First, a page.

By Laura Glick
It was meant to be. It was part of God’s plan. Why would such a bad thing happen to such a good person? Why did I deserve to live? I wish it was me instead of him.
Random violence can ignite a flurry of questions and thoughts like these and it is these issues The Life Before This explores. Set in modern-day Toronto, Life slowly allows audiences to seep into the lives of various citizens, who for a multitude of reasons have ended up a new downtown coffee shop one evening.
Within moments of meeting the first group of characters, a sensory bombardment takes place as a botched robbery spills into the cafe and gunshots fill the air. In those initial moments Life manages to intrigue viewers, far removed from the fictional chaos, and leaves them asking "why?"
With an expansive ensemble cast, including Sarah Polley, Catherine O’Hara, Stephen Rae, and Callum Keith Rennie, Life intertwines very distinct lives into a web of tangled decisions which ultimately lead to death. After the graphic and well-depicted opening scene, Life chronicles the day preceeding the confrontation.
Audiences are privy to both the mundane and extraordinary events which shaped the character’s whereabouts. We do not know which decisions, as they’re being made, will be the fateful ones. Instead, we merely watch the day unfold, helpless to intervene.
It is the notion of helplessness and lack of control that grips you as you watch ordinary people going through ordinary motions. No one has absolute control, despite their belief otherwise. The tragedy of the evening could not be predicted, or prevented by conscious actions. It is this theme which is most compelling. It is all too easy to transpose one’s self with one of the characters. They have relatable experiences, feelings, thoughts, and jobs. Paranoia sets in when you begin to think, "It could have been me."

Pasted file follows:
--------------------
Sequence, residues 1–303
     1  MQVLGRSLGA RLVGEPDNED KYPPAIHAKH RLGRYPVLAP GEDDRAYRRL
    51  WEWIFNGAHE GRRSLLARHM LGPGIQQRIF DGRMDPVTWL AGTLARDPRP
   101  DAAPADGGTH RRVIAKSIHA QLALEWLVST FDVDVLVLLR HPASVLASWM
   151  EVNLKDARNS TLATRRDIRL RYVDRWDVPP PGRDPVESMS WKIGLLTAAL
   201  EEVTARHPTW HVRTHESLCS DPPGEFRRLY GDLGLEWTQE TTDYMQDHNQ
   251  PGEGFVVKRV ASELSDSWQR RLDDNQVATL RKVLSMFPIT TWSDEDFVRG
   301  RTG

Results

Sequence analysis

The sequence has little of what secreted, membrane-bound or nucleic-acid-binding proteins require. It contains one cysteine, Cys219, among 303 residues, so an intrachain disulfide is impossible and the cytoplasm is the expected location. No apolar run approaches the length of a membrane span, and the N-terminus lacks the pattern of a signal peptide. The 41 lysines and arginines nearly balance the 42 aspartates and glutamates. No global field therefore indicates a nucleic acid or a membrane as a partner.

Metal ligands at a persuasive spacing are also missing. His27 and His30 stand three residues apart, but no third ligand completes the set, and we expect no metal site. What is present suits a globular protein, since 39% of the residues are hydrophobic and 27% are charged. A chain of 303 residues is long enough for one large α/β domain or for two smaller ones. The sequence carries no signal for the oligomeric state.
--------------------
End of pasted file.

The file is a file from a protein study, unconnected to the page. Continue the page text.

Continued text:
It is these contemplative reactions that Calgarian writer Semi Chellas was striving for. Focusing on the realness of the people and their locations was key to executing Life with strong emotions.
"[I want people to think about] whether or not we’re control," begins Chellas, "whether or not our decisions matter."
Chellas believes we play a role in our destinies, but not necessarily as grand a role as some people believe. Life conveys this thought with a soft hand. It is after you’ve left the movie that you become paralyzed by the overwhelming thought that control is not yours alone. That each stranger on the street could play a crucial role in a life-altering event.
With strong acting and believable situations, Life carries 44 characters with ease. Rea is especially powerful as a depressed exterminator who is wrestling with a haunting past. From a romantically challenged O’Hara to a commitment weary Polley, Life weaves the storylines together with minimal jarring moments.
From the solid performances to the provocative subject matter, Life affects you beyond 90 minutes.